Full Text for The Origins of the Object - Subject Antithesis in Lutheran Dogmatics: A Study in Terminology (Text)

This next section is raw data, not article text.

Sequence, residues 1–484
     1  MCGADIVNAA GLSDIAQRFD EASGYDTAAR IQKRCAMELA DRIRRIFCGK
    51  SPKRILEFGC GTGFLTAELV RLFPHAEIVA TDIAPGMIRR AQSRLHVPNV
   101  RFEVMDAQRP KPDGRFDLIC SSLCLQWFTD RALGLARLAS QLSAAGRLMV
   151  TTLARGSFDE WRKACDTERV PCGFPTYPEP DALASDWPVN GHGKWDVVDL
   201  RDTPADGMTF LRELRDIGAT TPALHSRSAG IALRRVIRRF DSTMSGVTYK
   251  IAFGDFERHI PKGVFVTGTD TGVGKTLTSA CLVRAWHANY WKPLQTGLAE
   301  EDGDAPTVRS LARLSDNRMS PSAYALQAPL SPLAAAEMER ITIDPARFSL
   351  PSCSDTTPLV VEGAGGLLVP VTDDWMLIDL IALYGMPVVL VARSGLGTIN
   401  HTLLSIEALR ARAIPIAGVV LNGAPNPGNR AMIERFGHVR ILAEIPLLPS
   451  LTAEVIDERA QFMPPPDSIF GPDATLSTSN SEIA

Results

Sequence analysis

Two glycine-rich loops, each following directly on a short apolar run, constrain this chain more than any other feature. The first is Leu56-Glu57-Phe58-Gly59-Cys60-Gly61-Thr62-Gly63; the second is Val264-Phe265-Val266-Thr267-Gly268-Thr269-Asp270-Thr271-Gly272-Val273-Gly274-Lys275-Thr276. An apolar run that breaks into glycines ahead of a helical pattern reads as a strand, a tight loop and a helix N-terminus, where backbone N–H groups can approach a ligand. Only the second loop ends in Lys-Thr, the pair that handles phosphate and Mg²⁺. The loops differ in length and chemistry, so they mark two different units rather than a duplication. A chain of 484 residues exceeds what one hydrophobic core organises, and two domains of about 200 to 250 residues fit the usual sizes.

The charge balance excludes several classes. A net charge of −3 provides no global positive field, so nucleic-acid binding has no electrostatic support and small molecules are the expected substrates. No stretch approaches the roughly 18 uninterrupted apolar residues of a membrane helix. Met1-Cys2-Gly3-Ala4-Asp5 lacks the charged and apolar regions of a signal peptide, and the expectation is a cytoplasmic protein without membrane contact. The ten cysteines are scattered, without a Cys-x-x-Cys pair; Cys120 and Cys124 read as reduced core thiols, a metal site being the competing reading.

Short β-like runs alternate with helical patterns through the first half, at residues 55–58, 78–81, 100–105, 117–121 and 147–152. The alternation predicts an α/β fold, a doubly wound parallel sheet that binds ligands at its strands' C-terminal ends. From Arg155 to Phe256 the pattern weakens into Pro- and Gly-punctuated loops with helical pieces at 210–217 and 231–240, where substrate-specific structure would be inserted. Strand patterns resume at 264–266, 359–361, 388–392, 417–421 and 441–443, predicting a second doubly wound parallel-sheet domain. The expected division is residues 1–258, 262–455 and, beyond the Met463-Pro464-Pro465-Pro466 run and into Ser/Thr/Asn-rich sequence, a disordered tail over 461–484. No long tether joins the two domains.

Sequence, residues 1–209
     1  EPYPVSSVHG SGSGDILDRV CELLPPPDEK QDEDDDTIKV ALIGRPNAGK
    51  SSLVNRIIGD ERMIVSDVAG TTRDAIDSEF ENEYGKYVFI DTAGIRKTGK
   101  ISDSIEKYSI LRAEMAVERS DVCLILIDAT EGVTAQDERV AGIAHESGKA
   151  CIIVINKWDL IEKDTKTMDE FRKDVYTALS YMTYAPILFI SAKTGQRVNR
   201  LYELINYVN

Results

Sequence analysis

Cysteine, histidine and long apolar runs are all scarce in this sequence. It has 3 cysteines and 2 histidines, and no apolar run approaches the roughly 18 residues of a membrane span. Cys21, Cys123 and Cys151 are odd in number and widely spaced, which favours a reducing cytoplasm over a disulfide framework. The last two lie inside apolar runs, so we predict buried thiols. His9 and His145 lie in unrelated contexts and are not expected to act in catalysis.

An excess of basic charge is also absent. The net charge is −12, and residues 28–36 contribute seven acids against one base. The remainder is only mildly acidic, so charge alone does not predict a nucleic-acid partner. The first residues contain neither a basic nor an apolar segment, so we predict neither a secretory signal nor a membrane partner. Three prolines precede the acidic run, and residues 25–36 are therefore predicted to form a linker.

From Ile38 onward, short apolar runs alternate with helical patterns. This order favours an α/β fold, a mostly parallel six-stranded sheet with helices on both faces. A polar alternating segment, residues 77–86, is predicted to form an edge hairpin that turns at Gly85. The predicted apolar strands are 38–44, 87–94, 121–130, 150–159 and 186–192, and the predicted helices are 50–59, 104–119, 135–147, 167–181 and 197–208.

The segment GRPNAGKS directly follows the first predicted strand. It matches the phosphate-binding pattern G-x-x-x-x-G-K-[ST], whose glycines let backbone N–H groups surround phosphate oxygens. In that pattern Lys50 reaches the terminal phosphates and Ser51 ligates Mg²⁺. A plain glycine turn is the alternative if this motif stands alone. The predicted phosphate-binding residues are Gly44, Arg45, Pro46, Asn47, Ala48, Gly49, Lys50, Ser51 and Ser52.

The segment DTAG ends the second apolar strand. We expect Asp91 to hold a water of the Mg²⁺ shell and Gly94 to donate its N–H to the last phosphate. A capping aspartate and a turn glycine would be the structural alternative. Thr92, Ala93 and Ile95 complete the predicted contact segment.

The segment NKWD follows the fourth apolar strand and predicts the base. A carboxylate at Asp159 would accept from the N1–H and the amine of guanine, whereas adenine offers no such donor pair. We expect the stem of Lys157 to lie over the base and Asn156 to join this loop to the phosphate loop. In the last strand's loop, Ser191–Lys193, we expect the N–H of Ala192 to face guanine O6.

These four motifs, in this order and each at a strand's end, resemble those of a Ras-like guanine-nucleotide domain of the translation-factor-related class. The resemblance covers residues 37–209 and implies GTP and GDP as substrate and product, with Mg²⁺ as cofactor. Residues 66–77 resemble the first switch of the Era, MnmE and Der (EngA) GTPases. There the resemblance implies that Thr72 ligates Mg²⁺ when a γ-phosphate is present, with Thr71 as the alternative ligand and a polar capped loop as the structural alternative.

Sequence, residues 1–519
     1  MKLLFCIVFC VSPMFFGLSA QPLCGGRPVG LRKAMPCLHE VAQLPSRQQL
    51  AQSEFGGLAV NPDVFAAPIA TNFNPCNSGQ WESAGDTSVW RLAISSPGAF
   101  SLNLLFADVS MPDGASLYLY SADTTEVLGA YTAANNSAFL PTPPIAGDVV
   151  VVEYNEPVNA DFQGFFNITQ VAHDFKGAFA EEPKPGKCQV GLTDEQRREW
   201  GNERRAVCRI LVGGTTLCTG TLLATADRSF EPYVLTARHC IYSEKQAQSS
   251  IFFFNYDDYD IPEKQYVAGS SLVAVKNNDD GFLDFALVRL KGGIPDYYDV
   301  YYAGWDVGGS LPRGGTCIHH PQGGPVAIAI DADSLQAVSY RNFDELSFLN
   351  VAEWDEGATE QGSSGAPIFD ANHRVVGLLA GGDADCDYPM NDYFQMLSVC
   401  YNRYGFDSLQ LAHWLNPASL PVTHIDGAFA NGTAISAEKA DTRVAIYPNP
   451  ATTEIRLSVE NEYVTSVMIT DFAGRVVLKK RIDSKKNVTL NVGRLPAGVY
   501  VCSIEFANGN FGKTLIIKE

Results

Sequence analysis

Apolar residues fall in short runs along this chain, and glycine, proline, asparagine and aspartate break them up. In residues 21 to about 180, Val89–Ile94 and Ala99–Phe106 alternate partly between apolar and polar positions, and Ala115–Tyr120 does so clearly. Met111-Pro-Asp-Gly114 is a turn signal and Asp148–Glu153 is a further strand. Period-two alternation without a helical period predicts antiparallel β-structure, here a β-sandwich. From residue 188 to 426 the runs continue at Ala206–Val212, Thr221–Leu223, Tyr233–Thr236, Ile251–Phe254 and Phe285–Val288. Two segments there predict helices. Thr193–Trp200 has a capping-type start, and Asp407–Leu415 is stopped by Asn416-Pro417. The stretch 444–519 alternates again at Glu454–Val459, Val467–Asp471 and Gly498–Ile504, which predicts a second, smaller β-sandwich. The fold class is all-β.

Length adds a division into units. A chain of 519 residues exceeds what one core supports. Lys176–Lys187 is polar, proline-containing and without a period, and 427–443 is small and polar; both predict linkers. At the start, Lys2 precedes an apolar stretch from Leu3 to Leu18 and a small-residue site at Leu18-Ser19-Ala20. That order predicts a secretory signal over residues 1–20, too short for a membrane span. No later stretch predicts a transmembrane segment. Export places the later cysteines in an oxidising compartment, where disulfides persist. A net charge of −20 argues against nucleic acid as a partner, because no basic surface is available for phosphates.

REC'D r~ ~. ( Concou()ia Theological· Monthly FEBRUARY • 1950 The Origins of the Object -Subject Antithesis in Lutheran Dogmatics A Study in Terminology By JAROS LA V PELIKAN I One of the tasks with which both Christian preaching and Christian dogmatics are confronted is the attempt to express Biblical testimony in non-Biblical terminology. Such an at­tempt is as difficult as it is necessary. In order to perform its re­sponsibility, the proclamation of the Christian message in preaching must resore to ways of speaking that are not found in the Scriptures. Similarly, theologians have always found it necessary to collect IDto one expression what is said in several different parts of the Scrip­tures. But the difficulty in any such expression is that a word taken over from extra-Christian sources may often bring with it conno­tations that are foreign to Biblical faith. That necessity and that difficulty are almost exactly parallel. In their definitions and discussions of the meaning of the Chris­tian faith the great Lutheran dogmaticians of the sixteenth and seventeenth centuries were faced by this fact. From the example of the ancient Church it was evident to them that theology could not avoid the use of a vox aYQacpo~ to summarize a particular Bib­lical doctrine.1 And as Lutheranism came into conflict with various sects, it had to insist that not all dogmatic terms appear expressis verbis in the Scriptures, but that they are nevertheless justified as summaries of what the Scriptures teach.2 Professor Pieper has pointed out in this connection that we have the heretics to thank for the fact that the Church has had to invent these terms.s Several examples of such terms suggest themselves. The term sacramentum, practically indispensable in theology, is a vox aYQu­cpo~, having its origins in civillaw.4 In the latter part of the seven­teenth century it seems to have become necessary for Lutherans to point out that it was not the Lord Jesus, but Tertullian, who had 94 OBJECT-SUBJECT ANTITHESIS IN LUTHERAN DOGMATICS DO first called Baptism a sacramentttm.5 Another such term is persona as used in the doctrine of the Trinity; though there were some who regarded persona as a valid translation for im:o(na.av; in Hebrews 1: 3, the fact remained that the ancient Church had coined a dog­matic terminology for which it was not always easy to find Biblical equivalents.6 In the same connection, the term essentia as applied to God also created difficulties.7 All three of these terms -sacra­J1'tentltm, persona, essentia -were necessary; but they also consti­tuted a problem for the careful dogmatician. That problem became even more acute in the case of those terms which do not summarize a particular doctrine, as do those referred to above, but which are rather employed as methodological devices in the exposition of all Christian doctrine. Among the most familiar methodological devices of this latter sort in Lutheran dogmatics are the Aristotelian distinction of sttbstantia and accidens and the Aris­rotelian distinction of causes S B It fully ClS important as either of these is the disrinction of obiectttm and sttbjectttm. together wirh the assumptions that lie behind that distinction. Because this antith­esis between object and subject is so central in the terminology and methodology of the Lutheran dogmaticians, it deserves careful attention on the basis of the sources. In an effort to interpret the significance of the object-subject antithesis in Lutheran dogmatics, the present essay will seek to analyze the historical origins of that distinction in the dogmaticians of the sixteenth and seventeenth centuries. II The ultinlate ongms of the object-subject antithesis lie in the Greek interpretation of truth, though the terminology itself is a later, medieval invention. In Professor Koehler's words, "these are not Biblical terms, but they are used by dogmaticians."9 Their origin is, then, to be sought outside the Bible and, more specifically, in the Greek understanding of uAll{tELa..lO For the Greeks, "truth" meant that a statement or proposition was an adequate representa­tion of an external reality. Underlying that view is Greek monism, by which God and man were thought of as living in continuity, so that the Idea in the mind and the reality outside the mind stood in relation to each other. Even when the external reality is vague, as in the Platonic doctrine of Ideas, this definition of truth remainedY 96 OBJECT-SUBJECT ANTITHESIS IN LUTHERAN DOGMATICS When Greek thought was amalgamated with Christian thought in medieval theology, this Greek view of truth played a prominent role. As Rudolf Eucken has pointed Out in his study of the object­subject antithesis, these terms first appear in Duns Scoms. As part of his metaphysics, Duns found he had to distinguish between truth as it is outside the mind and truth as it is inside the mind. "The word subjective was applied to whatever concerned the subject­matter of the judgment, that is, the concrete objects of thought; on the other hand the term objective referred to that which is con­tained in the mere obicere (i. e., in the presenting of ideas) and hence qualifies the presenting subject." 12 It is evident that Duns' use of the term was the exact opposite of their use today; never­theless, it was he who introduced the objective-subject antithesis into the discussion of philosophical truth and from there into the framework of Christian theology. Because both luther (If fairh, rad thealagid, III, p. 350. 5G See, for example, Formula of Concord, Solida Dec!aratio, Arr. VII, par. 123, Triglo/ta, pp. 1012-1014.